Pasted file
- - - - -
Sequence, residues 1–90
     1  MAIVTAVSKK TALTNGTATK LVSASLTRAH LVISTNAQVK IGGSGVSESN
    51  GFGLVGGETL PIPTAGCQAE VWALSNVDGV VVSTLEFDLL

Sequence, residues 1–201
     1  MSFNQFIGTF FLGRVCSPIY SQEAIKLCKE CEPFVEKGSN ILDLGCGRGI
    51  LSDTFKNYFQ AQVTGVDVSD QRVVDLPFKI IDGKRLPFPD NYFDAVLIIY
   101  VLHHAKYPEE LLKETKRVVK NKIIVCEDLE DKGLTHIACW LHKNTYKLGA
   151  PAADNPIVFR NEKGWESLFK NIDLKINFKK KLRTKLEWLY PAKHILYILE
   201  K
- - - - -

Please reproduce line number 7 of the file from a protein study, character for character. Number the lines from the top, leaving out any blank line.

   101  VLHHAKYPEE LLKETKRVVK NKIIVCEDLE DKGLTHIACW LHKNTYKLGA